Improving Plant Operation through Better Alarm Management

by | Feb 9, 2012 | Downstream Hydrocarbons, Industry, Operator Performance | 0 comments

At the ARC Industry Forum this week in Orlando, Ergon‘s Steve Elwart shared how they have taken a systematic approach in managing alarms at the refinery to reduce unplanned downtime, avoid equipment failure, and improve operator performance. He opened with an incident surrounding a fired heater unit. Due to a flood of alarms, high tube skin temperature alarms were missed, resulting in equipment damage and degraded operations.

From this incident and other ones from other refineries, a cross-functional team was assembled to look at the existing alarm performance and overall alarm design and to make required changes. The team quickly discovered plenty of room for improvement. Alarms were occurring that needed no operator action. These were ripe for elimination. For other alarms, if action was required, they wanted to clearly convey to the operator what actions to take.

The team looked at the history logs surrounding unit upsets to see the flood of alarm patterns that were present. The also looked alarms that remained active for extended periods of time—even when nothing was wrong in the process. There was no procedure in place for adding, removing, or changing alarms.

Given the current state, the team evaluated the impact of better alarm management. Maintenance costs would be reduced from avoidance of equipment damage. Reducing the 3-5% capacity loss through process upset avoidance and more rapid recovery would be possible. Better alarm management would also mean improved safety and environmental compliance and overall operator effectiveness.

Steve highlighted an AIChE study on the time between an alarm and the diagnosis of an abnormal event. If the time was a minute or less for the operator to respond to the alarm, the probability of the abnormal event occurring approached 100%. If the operator had 10 minutes of warning, the likelihood of heading off the abnormal event was 50%. 20 minutes—10% probability, 30 minutes-1% probability. So it was important to remove the nuisance alarms and design the alarm points to give ample warning to give the operators time to resolve the situation and avoid the abnormal situation.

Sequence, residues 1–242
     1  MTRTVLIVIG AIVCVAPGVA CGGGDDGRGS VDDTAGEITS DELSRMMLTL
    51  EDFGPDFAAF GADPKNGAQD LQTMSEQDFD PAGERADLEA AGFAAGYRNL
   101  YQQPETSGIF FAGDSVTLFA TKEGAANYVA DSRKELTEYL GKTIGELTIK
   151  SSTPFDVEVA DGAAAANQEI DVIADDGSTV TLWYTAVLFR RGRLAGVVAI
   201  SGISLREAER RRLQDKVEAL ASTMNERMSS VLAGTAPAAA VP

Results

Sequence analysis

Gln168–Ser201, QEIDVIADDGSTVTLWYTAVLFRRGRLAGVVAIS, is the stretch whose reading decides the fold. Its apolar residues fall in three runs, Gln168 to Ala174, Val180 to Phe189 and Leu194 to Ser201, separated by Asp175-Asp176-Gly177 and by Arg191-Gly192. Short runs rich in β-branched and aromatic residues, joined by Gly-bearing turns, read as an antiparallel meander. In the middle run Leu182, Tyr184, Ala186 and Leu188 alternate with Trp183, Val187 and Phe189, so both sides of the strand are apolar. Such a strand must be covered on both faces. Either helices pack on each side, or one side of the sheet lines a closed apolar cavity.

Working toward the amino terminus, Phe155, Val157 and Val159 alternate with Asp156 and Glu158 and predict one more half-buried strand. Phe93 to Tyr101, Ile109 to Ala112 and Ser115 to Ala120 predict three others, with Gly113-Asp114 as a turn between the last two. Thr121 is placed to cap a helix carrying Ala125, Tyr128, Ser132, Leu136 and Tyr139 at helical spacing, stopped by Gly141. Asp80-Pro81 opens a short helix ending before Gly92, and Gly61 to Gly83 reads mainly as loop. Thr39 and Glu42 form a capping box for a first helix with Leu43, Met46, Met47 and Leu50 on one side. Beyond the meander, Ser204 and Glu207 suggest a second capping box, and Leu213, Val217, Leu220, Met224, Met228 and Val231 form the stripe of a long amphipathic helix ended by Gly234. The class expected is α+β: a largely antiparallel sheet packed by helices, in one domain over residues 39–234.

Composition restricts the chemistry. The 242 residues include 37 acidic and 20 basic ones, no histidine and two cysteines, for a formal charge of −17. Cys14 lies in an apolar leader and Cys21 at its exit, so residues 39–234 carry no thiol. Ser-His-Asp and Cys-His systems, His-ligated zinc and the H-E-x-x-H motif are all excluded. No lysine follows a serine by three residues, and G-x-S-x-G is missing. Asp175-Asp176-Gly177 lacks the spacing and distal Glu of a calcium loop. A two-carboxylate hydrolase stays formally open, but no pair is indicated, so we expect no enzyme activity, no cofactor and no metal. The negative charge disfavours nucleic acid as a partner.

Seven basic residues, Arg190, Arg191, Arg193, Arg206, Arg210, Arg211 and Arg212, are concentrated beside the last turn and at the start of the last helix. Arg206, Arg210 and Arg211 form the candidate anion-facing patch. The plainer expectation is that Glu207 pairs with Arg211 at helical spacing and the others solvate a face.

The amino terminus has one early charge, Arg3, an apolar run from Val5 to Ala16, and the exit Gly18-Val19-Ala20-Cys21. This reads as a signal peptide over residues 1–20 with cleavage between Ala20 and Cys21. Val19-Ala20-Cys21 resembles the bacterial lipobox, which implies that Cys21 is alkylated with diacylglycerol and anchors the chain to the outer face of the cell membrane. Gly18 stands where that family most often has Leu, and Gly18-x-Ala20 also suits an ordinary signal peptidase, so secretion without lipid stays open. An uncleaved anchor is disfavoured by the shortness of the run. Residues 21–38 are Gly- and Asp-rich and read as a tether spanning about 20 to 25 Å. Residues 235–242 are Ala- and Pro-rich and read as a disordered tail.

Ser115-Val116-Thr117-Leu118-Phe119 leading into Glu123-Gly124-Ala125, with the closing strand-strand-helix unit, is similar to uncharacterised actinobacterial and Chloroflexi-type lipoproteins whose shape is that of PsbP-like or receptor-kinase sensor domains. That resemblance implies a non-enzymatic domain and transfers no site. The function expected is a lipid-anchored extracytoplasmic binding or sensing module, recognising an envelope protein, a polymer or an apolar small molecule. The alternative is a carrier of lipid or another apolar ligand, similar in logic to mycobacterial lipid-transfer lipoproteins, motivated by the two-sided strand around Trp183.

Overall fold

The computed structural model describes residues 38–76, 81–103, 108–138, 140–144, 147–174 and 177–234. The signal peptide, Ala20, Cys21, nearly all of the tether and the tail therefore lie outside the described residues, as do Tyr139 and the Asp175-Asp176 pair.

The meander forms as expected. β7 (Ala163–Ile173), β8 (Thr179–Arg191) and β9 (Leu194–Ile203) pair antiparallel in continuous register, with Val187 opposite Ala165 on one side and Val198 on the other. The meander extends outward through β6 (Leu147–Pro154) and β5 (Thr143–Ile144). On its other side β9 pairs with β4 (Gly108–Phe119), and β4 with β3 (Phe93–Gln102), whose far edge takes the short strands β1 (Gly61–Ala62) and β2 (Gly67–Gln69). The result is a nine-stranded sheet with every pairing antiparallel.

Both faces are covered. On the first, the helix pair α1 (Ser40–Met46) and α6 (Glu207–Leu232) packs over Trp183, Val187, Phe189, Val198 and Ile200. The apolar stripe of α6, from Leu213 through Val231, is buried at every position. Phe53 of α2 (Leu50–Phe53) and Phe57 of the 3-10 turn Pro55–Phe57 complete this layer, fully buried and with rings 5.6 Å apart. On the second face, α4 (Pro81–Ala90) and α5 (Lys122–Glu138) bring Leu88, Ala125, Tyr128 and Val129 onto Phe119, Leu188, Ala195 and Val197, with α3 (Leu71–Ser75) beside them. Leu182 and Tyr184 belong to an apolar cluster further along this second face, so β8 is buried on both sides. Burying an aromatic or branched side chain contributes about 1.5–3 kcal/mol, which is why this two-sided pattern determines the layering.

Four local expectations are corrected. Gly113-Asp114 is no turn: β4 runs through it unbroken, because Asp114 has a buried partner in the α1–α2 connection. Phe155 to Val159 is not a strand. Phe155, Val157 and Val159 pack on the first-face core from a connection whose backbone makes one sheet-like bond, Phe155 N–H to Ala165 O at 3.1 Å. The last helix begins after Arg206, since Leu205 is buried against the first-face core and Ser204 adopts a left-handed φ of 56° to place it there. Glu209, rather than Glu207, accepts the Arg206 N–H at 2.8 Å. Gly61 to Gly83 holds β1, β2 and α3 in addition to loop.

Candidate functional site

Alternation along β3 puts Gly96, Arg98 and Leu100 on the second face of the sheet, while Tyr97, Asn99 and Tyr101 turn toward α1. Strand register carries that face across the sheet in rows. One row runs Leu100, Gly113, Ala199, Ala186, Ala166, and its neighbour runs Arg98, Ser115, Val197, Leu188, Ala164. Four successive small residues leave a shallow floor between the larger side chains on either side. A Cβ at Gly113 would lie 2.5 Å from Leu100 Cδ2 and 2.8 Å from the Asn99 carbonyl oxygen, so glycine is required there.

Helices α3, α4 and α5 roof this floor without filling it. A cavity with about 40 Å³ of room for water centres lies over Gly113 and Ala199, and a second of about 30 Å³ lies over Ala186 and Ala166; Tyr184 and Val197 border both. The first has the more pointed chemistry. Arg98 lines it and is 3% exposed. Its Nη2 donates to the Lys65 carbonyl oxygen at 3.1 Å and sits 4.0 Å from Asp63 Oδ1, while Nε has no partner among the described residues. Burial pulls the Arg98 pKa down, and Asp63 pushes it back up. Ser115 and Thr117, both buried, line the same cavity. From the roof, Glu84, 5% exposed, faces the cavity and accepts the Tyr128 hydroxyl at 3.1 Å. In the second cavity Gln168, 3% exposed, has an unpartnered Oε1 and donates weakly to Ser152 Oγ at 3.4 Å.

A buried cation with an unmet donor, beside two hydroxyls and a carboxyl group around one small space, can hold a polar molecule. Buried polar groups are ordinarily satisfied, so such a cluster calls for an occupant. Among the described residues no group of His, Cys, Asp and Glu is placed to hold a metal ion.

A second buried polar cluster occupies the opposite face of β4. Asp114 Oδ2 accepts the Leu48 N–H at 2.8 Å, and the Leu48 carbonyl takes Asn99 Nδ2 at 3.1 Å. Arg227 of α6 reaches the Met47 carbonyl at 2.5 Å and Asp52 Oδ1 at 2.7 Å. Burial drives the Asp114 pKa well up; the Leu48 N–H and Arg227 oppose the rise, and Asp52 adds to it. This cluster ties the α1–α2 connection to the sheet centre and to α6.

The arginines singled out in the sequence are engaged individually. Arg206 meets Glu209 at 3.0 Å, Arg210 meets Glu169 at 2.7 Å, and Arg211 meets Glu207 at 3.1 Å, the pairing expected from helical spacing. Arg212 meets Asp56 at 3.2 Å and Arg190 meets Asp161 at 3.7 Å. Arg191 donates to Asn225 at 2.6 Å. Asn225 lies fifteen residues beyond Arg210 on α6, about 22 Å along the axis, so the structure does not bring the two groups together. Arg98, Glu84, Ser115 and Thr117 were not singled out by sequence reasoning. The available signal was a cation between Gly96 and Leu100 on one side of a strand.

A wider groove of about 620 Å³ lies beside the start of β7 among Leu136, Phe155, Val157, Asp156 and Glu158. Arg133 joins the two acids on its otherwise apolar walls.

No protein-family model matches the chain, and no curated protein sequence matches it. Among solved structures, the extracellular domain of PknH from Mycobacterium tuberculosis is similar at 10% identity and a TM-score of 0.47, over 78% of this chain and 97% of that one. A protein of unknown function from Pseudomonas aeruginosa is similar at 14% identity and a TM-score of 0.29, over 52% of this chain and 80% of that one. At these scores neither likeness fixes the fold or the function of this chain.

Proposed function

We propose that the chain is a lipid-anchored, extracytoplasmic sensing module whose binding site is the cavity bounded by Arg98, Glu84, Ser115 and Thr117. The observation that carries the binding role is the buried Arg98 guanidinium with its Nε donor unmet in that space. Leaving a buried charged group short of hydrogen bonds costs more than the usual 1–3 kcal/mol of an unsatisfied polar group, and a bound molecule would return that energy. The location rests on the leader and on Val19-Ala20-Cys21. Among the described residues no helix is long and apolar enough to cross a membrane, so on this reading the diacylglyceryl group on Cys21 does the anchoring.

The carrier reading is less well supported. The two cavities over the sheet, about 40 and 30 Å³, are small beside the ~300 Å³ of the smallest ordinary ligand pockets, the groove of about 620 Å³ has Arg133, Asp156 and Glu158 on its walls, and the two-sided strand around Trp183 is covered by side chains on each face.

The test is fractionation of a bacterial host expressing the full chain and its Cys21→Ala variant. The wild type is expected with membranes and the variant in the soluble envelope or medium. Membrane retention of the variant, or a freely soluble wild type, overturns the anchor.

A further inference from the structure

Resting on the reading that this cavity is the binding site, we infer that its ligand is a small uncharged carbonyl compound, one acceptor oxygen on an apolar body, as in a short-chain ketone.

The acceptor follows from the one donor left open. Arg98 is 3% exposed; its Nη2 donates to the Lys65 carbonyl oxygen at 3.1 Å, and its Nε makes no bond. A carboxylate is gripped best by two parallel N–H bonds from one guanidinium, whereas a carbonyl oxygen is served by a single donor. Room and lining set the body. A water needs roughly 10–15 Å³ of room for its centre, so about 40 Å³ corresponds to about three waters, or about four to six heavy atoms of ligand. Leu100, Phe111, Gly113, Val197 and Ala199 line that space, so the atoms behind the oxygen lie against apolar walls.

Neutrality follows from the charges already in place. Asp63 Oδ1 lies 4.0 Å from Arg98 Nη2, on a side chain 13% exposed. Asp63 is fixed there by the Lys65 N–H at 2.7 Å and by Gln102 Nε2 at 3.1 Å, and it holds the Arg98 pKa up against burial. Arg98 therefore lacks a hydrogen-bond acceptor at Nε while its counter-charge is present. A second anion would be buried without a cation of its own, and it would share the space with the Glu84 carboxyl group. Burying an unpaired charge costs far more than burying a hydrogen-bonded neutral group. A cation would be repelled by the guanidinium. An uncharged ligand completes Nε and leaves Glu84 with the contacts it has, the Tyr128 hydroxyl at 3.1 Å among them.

The team looked at the EEMUA-191 alarm systems standards for alarm management best practices. They used the DeltaV Analyze software to help identify the problem alarm areas.

The charts generated by the software also were used with the plant staff to keep the visibility of the improvement program high and the staff engaged and focused on the effort.

Steve summed up their systematic approach to improved alarm management. First, benchmark existing conditions. Next, establish a philosophy for the alarm strategy. Next, choose the variables to alarm. Then, set limits and priorities. And with each alarm, develop recommended operator actions. The team’s work and feedback to Emerson also led to improvements in the DeltaV system as it applies to capturing and displaying recommendation operator actions.

The resolution steps continued with reviewing and applying advanced alarm techniques such as grouping and dynamic alarms based upon process states. Adding condition monitoring was next. The alarm strategy was documented and incorporated into existing change management processes. The alarm performance was periodically audited and key performance indicators used to provide ongoing visibility.

For others needing to improve the management of their alarms, Steve highlighted the need for a multi-function team to bring perspectives and organizational support for the time, energy, and funds required in the improvement process. Start by identifying and eliminating the alarm “bad actors” first. Eliminate any duplicate alarms. Design specific strategies to eliminate and avoid alarm flood conditions. Training both for the assessment phase and operator use is critical. Most of all, keep moving forward. It’s easy to lose focus among other competing priorities.

Steve closed by recommending that you establish a timeframe and objectives. Conduct training using a consultant to develop in-house expertise and capability. And, consider the use of software to aid in the analysis and reporting required for the improvement effort.

In the panel session, ARC’s Dave Woll shared a comment he heard from a process manufacturer that may spur you on in this improvement journey, “When your alarms are out of control, your plant is out of control.”

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